Romulo Avelica Gonzalez is a free man – at least for now. A federal immigration judge granted the Mexican-born immigrant bond but not before attorneys for the federal government argued against it.
In a hearing Wednesday held inside the Adelanto Detention Facility, attorney Christina Marquez argued that Avelica is a flight risk, pointing to three times he was charged with crimes and missing court dates each time. Avelica's attorney, Alan Diamante, refuted that, though and said because Avelica's criminal convictions of receiving stolen property in 1998 and a 2008 DUI were vacated in June, his criminal record should be set aside.
Avelica was arrested by ICE agents in Lincoln Heights on Feb. 28. He was between school drop-offs of his two youngest daughters. The youngest, 13-year-old Fatima, recorded the cellphone video that would become an international viral video.
Diamante said he tried to negotiate the terms of Avelica's bond with Marquez, who opted instead to put the decision entirely in the hands of the judge. The judge asked Avelica a series of questions ranging from his history in the United States to the ages of his five children, four of whom are American-born.
When Marquez argued Avelica would be a flight risk, Diamante pointed out that Avelica has lived in his LA apartment for the last 22 years, at an address the federal government was well aware of.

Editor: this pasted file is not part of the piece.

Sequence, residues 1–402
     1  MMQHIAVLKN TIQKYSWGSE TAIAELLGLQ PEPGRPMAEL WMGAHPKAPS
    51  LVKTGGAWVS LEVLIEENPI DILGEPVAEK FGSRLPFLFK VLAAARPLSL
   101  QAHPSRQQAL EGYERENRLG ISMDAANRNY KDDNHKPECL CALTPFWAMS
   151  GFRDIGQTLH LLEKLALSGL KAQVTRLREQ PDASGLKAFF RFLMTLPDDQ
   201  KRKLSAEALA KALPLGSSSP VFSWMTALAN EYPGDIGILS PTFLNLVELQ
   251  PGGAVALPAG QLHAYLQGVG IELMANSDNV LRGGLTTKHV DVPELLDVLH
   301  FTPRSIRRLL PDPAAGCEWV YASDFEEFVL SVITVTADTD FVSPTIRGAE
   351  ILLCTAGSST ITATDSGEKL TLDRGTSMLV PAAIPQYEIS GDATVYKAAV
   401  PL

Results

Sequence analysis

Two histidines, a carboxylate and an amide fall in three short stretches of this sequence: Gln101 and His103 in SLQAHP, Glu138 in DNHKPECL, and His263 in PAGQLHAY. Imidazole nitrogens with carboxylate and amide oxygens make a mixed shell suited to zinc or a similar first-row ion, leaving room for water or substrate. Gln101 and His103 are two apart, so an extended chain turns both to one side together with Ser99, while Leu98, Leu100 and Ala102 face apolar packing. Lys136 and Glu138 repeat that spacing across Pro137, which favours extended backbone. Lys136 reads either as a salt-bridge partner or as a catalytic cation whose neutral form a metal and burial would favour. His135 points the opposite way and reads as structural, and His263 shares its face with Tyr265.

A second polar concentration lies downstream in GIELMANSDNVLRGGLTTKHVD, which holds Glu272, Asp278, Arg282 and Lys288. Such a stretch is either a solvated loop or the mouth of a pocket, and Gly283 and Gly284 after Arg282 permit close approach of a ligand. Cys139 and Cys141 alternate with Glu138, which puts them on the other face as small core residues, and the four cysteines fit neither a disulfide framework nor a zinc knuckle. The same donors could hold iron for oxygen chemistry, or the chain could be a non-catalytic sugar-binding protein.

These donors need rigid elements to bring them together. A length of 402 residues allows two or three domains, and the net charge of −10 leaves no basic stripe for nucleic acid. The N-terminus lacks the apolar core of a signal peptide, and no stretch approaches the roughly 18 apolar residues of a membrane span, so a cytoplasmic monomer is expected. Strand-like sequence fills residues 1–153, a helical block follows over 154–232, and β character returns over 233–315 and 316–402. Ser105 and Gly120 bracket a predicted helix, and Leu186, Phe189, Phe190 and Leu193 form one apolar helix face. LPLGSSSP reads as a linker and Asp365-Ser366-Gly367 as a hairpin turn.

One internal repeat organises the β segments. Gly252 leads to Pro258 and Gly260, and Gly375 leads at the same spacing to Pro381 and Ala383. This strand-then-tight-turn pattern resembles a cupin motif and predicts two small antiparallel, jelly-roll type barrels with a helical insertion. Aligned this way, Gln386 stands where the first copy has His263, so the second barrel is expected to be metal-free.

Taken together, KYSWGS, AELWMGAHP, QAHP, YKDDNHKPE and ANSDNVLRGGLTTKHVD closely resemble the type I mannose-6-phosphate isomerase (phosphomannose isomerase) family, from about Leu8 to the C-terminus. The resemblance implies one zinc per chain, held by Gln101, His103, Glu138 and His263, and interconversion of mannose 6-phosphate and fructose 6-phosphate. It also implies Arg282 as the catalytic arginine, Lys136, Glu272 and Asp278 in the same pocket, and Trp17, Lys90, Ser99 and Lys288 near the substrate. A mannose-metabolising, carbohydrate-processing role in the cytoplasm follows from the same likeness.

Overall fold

Marquez requested a bond of no less than $7,500 but Judge Amy T. Lee set the amount at $6,000. By 2 p.m. that bond was paid, allowing for Avelica to walk out a free man after 6 p.m.
Outside the detention center, Avelica's daughters spoke about the success of today.
"I feel happy and anxious that I'll finally have my dad back with me," Fatima said, saying she sees her cell phone video now as a way of sharing her father's story. She says the family's been in pieces without him.
"It makes me feel sad because he gave all, he risked everything just to make us have what we need," she said.
Daughter Brenda Avelica thanked supporters and read a statement from her dad: "I have gained strength from all who have stood alongside me these passed months. I have courage and a new calling having been six months detained and alongside many who are still fighting for their freedom."
Earlier this month the Board of Immigration Appeals stayed Avelica's deportation and overturned a prior deportation order. He has a pending U-Visa application related to a crime his wife suffered and the BIA ordered the immigration judge to reconsider his application for cancellation of removal.
"We are hopeful the Court will administratively close his case and allow him to stay in the country with work authorization until he is granted lawful, permanent residency," Diamante said.
The Avelica family will hold a noon rally outside the Hall of Justice in downtown LA on Thursday where Avelica himself is expected to make his first public comments.
His daughter's school in Lincoln Heights, Avance Learning Academy, is planning a special Friday morning assembly for the family with a community celebration later in the afternoon.